Economic Cooperation and Development (OECD) countries has been increasing, albeit at
varying rates. With aging societies, policymakers have increasingly focused on pension
retrenchments designed to keep their pension systems solvent. The unprecedented fiscal
interventions in response to the COVID-19 pandemic will further weigh on governments'
fiscal capacity and may motivate future pension retrenchments. An important question for
policymakers is how various pension reform proposals may affect government pension
expenditures and labor force participation.
Sarah Zubairy of Texas A&M University presented the paper "Public Pension Reforms and
Retirement Decisions: Narrative Evidence and Aggregate Implications," which she coauthored with Huixin Bi of the Kansas City Fed. The paper uses a new dataset constructed
by the researchers that records changes in public pension policy for 10 OECD countries
between 1962 and 2017. It contains information on four aspects of historical pension
reforms:
The sign of pension changes (whether pensions became more generous or less)
The policy tools associated with changes in pension policy (whether they involved
changes in benefit formulas, coverage, indexation policy or the retirement age)
The motivation behind policy changes
The implementation lags (the time elapsed between when a policy change is initially
enacted and when it is fully implemented)
With the new dataset, the researchers study the effects of structural pension reforms on
labor force participation rates (LFPRs) and pension spending. They find that the effects of
structural pension reforms depend greatly on whether they come with phase-in periods.
If structural pension retrenchments are implemented immediately without a phase-in
period, LFPRs for groups between the ages of 55 and 64 years tend to rise. In this case,
reduced pension benefits (in combination with a higher LFPR for the older population) lead
to a decline in pension spending.
However, if it is announced that structural pension retrenchments will be phased in over
time, the LFPRs for these groups decline. Consequently, government spending on old-age
pensions increases (rather than decreases) over the medium run.

Stimulus Checks as Substitutes for Monetary Easing
According to standard New Keynesian theory, policymakers can improve economic
outcomes by using countercyclical monetary and fiscal policies. In recent years, however,
with short-term interest rates close to zero, the space for monetary stimulus has narrowed.
A natural question, then, is how to replicate the effects of standard monetary policy
through alternative fiscal tools.

Previous work has identified tax policy — often labeled unconventional fiscal policy — as an
attractive policy option. The idea is that policymakers can use time-varying tax rates to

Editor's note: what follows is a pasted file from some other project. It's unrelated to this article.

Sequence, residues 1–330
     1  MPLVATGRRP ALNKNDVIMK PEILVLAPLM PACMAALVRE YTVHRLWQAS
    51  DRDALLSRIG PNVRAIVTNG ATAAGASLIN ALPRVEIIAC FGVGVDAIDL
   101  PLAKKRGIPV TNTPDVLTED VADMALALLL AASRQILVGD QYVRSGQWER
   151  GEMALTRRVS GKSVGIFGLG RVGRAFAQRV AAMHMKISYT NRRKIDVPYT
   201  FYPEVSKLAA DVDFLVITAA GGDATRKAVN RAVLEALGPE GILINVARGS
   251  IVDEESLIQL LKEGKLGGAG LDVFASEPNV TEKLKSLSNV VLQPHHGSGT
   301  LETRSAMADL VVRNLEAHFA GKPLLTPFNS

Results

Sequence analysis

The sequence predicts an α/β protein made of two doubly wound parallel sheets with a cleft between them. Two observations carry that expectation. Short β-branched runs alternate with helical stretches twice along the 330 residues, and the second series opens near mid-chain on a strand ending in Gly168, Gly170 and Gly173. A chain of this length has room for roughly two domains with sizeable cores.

manipulate intertemporal prices and thereby replicate the effects of the short-term interest
rate changes of monetary policy. In practice, however, implementing such a countercyclical
fiscal policy is challenging, because it requires policymakers to jointly fine-tune several
different taxes and subsidies at business-cycle frequencies.
Christian Wolf of the Massachusetts Institute of Technology presented the paper "Interest
Rate Cuts vs. Stimulus Payments: An Equivalence Result." The paper develops a novel
conceptual approach to monetary-fiscal policy equivalence and applies it to a different fiscal
policy instrument: lump sum payments or "stimulus checks," a policy tool that was used
during the COVID-19 recession. The setting for his analysis is a standard New Keynesian
model without capital, extended to feature uninsurable household income risk.
Wolf establishes three main results:
He specifies the conditions under which policymakers can use lump-sum taxes and
transfers to achieve the same macroeconomic results that can be achieved through
interest rate policy.
He characterizes the tax/transfer policies that can be used to replicate various levels of
monetary accommodation.
He uses a New Keynesian model with heterogenous agents to compare macroequivalent interest rate and stimulus check policies.
He finds that, since stimulus checks directly boost the consumption of those with low asset
levels, the policy reduces consumption inequality relative to the macro-equivalent interest
rate cut.
John Mullin is a senior economics writer in the Research Department at the Federal Reserve
Bank of Richmond.
To cite this Economic Brief, please use the following format: Mullin, John. (April 2022)

"Government Programs and Their Effects on Welfare and Employment: A Conference
Recap." Federal Reserve Bank of Richmond Economic Brief, No. 22-13.
This article may be photocopied or reprinted in its entirety. Please credit the author, source,
and the Federal Reserve Bank of Richmond and include the italicized statement below.
Views expressed in this article are those of the author and not necessarily those of the Federal
Reserve Bank of Richmond or the Federal Reserve System.